Jacquelyn Marie Johnson, called Jackie, is a 10-year-old African-American girl, the second oldest and the only girl of six siblings. She’s responsible, smart, and enjoys being in charge; she likes “paper dolls and long division and imagining things she had never seen.” Normally, Jackie has no trouble obeying her strict but loving parents. But when her potted snapdragon acquires a peculiar egg or maybe a chrysalis (she dubs it a chrysalegg), Jackie’s strong desire to protect it runs up against her mother’s rule against plants in the house. Jackie doesn’t exactly mean to lie, but she tells her mother she needs to keep the snapdragon in her room for a science project and gets permission. Jackie draws the chrysalegg daily, waiting for something to happen as it gets larger. When the amazing creature inside breaks free, Jackie is more determined than ever to protect it, but this leads her further into secrets and lies. The results when her parents find out are painful, and resolving the problem will take courage, honesty, and trust. Dumas (Jaden Toussaint, the Greatest: Episode 5, 2017, etc.) presents a very likable character in Jackie. At 10, she’s young enough to enjoy playing with paper dolls but has a maturity that even older kids can lack. She’s resourceful, as when she wants to measure a red spot on the chrysalegg; lacking calipers, she fashions one from her hairpin. Jackie’s inward struggle about what to obey—her dearest wishes or the parents she loves—is one many readers will understand. The book complicates this question by making Jackie’s parents, especially her mother, strict (as one might expect to keep order in a large family) but undeniably loving and protective as well—it’s not just a question of outwitting clueless adults. Jackie’s feelings about the creature (tender and responsible but also more than a little obsessive) are similarly shaded rather than black-and-white. The ending suggests that an intriguing sequel is to come.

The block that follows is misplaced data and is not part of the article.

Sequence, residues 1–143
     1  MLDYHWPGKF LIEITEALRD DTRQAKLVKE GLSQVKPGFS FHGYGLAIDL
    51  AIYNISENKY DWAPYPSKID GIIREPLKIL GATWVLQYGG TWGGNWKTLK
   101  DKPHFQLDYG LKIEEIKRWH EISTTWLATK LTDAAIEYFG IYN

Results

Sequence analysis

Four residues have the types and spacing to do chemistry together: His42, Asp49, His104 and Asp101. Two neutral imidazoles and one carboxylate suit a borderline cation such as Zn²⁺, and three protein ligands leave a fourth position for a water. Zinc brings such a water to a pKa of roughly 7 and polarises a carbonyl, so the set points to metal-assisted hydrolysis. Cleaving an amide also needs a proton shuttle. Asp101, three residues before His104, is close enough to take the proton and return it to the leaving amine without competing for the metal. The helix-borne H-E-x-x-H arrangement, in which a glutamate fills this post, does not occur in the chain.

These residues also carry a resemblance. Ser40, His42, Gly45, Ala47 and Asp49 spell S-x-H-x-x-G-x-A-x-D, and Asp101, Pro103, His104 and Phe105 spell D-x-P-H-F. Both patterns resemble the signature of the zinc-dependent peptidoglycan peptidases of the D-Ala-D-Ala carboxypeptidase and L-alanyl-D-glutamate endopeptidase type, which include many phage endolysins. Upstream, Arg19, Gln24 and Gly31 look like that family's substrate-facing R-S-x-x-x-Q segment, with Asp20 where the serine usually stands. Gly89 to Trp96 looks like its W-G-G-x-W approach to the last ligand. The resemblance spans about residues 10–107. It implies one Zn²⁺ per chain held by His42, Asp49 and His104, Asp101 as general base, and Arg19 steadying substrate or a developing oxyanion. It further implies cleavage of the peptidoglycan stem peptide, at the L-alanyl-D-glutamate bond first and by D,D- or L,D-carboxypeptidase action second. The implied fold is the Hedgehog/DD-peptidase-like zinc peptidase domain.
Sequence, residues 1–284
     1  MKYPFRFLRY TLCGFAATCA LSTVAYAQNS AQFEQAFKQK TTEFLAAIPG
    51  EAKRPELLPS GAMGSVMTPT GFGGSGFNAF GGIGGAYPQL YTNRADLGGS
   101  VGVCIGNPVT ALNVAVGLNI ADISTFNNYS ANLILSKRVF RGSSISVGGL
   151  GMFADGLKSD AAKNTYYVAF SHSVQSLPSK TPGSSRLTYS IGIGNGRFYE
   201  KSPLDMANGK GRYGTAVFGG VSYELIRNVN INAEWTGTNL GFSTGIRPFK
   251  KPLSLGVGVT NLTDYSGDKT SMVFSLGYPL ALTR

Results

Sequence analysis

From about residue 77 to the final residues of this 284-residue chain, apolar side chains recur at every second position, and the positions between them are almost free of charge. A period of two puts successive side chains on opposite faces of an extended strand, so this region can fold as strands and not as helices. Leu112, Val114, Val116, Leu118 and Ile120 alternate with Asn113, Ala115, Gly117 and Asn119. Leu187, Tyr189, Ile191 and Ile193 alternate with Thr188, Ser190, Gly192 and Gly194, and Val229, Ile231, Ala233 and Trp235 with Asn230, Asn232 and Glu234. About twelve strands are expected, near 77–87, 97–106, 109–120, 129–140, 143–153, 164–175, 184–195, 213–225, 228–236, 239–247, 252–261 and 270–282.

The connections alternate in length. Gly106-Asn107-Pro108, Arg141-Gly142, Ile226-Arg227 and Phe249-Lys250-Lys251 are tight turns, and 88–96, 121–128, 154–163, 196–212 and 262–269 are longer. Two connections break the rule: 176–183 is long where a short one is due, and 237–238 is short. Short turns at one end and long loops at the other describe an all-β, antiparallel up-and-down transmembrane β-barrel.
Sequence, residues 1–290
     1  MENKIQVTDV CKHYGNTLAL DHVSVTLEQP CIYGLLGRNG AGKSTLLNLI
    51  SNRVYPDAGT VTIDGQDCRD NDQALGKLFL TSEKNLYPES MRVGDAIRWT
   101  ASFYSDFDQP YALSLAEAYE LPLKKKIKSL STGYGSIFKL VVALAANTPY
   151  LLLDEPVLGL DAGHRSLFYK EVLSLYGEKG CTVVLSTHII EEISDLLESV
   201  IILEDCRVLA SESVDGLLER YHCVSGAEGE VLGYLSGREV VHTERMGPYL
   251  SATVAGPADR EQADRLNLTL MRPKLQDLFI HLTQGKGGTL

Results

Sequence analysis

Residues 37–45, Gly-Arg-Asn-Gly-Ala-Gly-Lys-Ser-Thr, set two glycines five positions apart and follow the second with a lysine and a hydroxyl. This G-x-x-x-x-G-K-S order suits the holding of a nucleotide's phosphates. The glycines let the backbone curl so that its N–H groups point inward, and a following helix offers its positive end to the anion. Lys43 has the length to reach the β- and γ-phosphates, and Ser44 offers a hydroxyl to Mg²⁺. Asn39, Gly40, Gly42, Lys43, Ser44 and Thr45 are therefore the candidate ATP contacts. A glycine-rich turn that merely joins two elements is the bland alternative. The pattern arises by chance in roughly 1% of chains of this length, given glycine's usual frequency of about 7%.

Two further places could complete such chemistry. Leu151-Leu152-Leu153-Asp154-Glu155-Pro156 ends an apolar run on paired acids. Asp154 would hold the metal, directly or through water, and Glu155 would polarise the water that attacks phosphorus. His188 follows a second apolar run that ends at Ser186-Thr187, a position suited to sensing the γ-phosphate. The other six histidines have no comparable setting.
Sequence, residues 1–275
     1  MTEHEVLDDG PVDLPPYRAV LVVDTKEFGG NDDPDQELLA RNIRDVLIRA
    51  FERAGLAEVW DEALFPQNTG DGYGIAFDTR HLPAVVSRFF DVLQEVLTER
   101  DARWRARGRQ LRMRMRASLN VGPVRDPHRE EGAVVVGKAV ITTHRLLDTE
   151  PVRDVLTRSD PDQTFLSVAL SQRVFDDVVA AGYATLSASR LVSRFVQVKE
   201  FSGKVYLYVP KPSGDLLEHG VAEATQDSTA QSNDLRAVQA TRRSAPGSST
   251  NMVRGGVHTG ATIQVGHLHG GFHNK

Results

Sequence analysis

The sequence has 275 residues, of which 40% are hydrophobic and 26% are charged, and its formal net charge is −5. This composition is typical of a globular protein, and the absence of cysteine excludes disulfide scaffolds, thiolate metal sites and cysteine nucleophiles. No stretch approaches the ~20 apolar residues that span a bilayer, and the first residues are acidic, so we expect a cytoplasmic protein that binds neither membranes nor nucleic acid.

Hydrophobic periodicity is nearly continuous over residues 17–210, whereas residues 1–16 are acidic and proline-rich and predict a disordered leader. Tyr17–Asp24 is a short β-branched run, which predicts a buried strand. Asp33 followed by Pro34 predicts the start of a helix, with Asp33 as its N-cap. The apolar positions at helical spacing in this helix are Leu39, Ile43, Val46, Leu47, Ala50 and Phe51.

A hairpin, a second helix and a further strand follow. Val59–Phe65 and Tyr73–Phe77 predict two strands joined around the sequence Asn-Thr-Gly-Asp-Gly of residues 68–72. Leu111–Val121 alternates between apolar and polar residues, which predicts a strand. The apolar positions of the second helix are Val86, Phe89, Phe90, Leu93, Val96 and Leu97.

In more ways than one, a tale about young creatures testing their wings; a moving, entertaining winner.

Pub Date: Nov. 11, 2017

ISBN: 978-1-943169-32-0

Page Count: 212

Publisher: Plum Street Press

Review Posted Online: Feb. 22, 2018

Kirkus Reviews Issue: April 15, 2018



A YA novel that treats its subject and its readers with respect while delivering an engaging story.

In the ninth book in the Bluford young-adult series, a young Latino man walks away from violence—but at great personal cost.

In a large Southern California city, 16-year-old Martin Luna hangs out on the fringes of gang life. He’s disaffected, fatherless and increasingly drawn into the orbit of the older, rougher Frankie. When a stray bullet kills Martin’s adored 8-year-old brother, Huero, Martin seems to be heading into a life of crime. But Martin’s mother, determined not to lose another son, moves him to another neighborhood—the fictional town of Bluford, where he attends the racially diverse Bluford High. At his new school, the still-grieving Martin quickly makes enemies and gets into trouble. But he also makes friends with a kind English teacher and catches the eye of Vicky, a smart, pretty and outgoing Bluford student. Martin’s first-person narration supplies much of the book’s power. His dialogue is plain, but realistic and believable, and the authors wisely avoid the temptation to lard his speech with dated and potentially embarrassing slang. The author draws a vivid and affecting picture of Martin’s pain and confusion, bringing a tight-lipped teenager to life. In fact, Martin’s character is so well drawn that when he realizes the truth about his friend Frankie, readers won’t feel as if they are watching an after-school special, but as though they are observing the natural progression of Martin’s personal growth. This short novel appears to be aimed at urban teens who don’t often see their neighborhoods portrayed in young-adult fiction, but its sophisticated characters and affecting story will likely have much wider appeal.

A YA novel that treats its subject and its readers with respect while delivering an engaging story.

Pub Date: Jan. 1, 2004

ISBN: 978-1591940173

Page Count: 152

Publisher: Townsend Press

Review Posted Online: Jan. 26, 2013